Printable version E-mail this to a friend

Monitor to investigate the closure of NHS walk-in centres

Monitor is launching a review to understand why NHS walk-in centres are closing and if this is in the best interests of patients.


The health regulator will examine to what extent the closure of walk-in centres has limited people’s ability to choose where and when they access routine or urgent primary health care services without appointment.


There are 369 urgent care services currently registered with the Care Quality Commission, which includes NHS walk-in centres and a range of other primary care services. When they were first commissioned, walk-in centres were required to be open at least from 8am to 8pm, seven days a week.


Responsibility for commissioning walk-in centres was originally in the hands of primary care trusts (PCTs). As current contracts expire, NHS England will review the case for re-commissioning services for registered patients. It is now up to clinical commissioning groups (CCGs) to decide whether to re-commission services for non-registered patients, such as urgent care and out of hours services.


As part of its review, Monitor wants to hear from patients, past and current providers of walk-in centres, GPs, commissioners and other stakeholders about the impact of walk-in centre closures.


Catherine Davies, Executive Director of Co-operation and Competition at Monitor, said: “It is in the interests of patients to find out why walk-in centres are closing and whether the closures are affecting patient choice and competition.


“Walk-in centres are very popular with patients and the potential impact of such closures at a local and national level needs to be better understood.”


This is not an investigation by Monitor under its formal enforcement powers, it is a review to improve its understanding of why walk-in centres are closing and the potential impact on patient choice and competition.

Notes to Editors


  • Under the Equitable Access Programme in 2008/9 each primary care trust was required to commission at least one GP-led health centre to provide primary care services to both registered and unregistered patients without an appointment.


  • Around 150 GP-led health care centres were commissioned in England as a result of the Equitable Access Programme.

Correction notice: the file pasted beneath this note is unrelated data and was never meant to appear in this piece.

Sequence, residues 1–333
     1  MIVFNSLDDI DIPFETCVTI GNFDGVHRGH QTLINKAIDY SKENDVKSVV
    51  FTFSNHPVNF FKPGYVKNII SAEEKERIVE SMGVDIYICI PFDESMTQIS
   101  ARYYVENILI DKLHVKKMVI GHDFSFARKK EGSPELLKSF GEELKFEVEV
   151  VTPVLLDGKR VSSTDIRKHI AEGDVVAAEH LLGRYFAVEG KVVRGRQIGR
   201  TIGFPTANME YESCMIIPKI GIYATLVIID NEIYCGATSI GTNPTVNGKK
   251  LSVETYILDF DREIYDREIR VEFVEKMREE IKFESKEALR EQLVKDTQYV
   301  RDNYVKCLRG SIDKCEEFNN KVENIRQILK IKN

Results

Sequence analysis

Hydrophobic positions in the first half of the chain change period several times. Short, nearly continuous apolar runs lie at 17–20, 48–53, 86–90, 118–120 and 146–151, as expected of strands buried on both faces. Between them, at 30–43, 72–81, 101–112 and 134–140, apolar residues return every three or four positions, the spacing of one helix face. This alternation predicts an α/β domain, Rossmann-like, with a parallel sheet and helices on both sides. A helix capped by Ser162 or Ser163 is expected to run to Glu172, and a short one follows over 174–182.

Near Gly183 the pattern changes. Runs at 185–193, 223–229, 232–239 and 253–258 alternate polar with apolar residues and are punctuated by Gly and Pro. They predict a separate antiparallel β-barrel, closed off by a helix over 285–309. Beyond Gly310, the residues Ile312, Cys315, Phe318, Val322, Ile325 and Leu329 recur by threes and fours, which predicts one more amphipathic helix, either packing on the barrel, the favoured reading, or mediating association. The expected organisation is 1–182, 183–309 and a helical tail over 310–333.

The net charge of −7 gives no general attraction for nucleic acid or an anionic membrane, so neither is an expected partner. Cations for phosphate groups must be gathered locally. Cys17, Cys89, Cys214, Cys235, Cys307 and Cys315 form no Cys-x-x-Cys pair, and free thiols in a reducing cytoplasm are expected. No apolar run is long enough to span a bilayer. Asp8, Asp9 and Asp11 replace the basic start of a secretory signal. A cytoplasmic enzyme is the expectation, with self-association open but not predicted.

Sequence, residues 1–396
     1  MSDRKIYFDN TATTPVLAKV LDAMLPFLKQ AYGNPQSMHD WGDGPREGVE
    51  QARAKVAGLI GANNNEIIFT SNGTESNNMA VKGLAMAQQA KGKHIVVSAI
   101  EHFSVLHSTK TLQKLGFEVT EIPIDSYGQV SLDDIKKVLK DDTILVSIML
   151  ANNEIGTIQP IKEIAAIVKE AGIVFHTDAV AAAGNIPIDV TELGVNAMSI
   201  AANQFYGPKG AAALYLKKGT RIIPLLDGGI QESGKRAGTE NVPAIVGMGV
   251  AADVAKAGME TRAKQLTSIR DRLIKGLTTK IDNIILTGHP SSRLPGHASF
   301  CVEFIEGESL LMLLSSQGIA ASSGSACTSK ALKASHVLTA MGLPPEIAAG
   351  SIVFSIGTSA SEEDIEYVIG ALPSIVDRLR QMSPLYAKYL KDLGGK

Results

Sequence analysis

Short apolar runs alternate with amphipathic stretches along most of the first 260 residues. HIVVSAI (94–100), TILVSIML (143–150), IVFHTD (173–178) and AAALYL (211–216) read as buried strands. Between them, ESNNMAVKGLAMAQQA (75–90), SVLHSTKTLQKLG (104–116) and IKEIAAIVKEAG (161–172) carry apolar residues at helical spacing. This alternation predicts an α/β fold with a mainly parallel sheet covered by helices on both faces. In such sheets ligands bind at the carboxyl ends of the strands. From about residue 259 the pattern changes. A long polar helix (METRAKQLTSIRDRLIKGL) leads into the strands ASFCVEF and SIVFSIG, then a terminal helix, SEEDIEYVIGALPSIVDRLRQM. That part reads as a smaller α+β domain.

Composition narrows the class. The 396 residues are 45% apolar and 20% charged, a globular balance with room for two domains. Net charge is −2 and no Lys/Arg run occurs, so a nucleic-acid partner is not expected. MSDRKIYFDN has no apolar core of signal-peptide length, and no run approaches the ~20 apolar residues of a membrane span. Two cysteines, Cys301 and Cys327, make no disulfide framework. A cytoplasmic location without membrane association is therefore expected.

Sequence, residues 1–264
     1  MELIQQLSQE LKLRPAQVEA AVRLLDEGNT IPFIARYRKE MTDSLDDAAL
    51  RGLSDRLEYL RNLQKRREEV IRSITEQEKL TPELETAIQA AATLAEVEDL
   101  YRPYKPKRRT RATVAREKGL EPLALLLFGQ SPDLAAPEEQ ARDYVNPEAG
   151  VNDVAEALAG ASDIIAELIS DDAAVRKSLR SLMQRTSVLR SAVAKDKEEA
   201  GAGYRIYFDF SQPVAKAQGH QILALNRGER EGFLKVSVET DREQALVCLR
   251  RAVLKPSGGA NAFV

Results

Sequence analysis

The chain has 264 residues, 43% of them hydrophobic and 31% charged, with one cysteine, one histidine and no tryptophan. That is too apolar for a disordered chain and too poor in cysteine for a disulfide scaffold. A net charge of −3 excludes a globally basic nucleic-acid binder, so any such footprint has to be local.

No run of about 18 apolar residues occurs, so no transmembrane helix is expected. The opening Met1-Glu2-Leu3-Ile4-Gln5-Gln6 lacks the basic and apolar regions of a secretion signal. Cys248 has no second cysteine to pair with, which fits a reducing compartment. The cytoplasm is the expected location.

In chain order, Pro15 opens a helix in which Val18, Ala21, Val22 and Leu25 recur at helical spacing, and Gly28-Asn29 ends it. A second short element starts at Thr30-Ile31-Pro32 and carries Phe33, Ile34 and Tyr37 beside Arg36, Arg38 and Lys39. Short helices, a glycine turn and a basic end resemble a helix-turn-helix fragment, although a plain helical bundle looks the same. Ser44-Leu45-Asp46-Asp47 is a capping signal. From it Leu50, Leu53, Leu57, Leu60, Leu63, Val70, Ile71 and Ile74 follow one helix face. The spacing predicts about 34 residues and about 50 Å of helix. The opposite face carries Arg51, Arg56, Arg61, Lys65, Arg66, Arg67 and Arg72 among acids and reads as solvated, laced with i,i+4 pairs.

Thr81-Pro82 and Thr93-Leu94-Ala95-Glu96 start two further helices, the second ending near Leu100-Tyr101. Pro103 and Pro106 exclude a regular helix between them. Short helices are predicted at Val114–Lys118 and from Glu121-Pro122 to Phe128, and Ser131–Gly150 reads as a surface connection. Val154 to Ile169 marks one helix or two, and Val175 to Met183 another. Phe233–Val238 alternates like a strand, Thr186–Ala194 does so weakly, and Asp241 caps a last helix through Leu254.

• In February 2011 the government explained to PCTs and Strategic Health Authorities that CCGs would not take on contractual responsibility for walk-in centres although they would be responsible for urgent primary care.


  • NHS England took over responsibility for the majority of existing walk-in centre contracts in April 2013. As contracts expire NHS England will evaluate the case for re-commissioning services for registered patients but it is up to CCGs to decide whether to re-commission services for non-registered patients, such as urgent care and Out of Hours services.


  • PCTs commissioned walk-in centres from a range of providers, including GP-led enterprises and the independent sector, through a competitive procurement process typically on five year contracts.


  • Monitor is the sector regulator of NHS-funded health care services. Under the Health and Social Care Act 2012 its main duty is to protect and promote the interests of people who use health care services. Information about Monitor’s new role can be found here.


  • The terms of reference for Monitor’s review are available here.


  • Initial submissions should be sent to by 5pm on 28th June 2013.


  • Monitor will publish a report setting out its preliminary findings, with the aim of issuing a report setting out its final conclusions later in the year. 


  • This review is a separate exercise from its review of general practice and associated services which we signalled in the Fair Playing Field Review.


  • This review is also separate from work that the NHS England is carrying out, led by Sir Bruce Keogh, to review urgent and emergency care services in England.
  • Monitor is now on Twitter - follow us @MonitorUpdate.

Episode 13 | The Digital Divide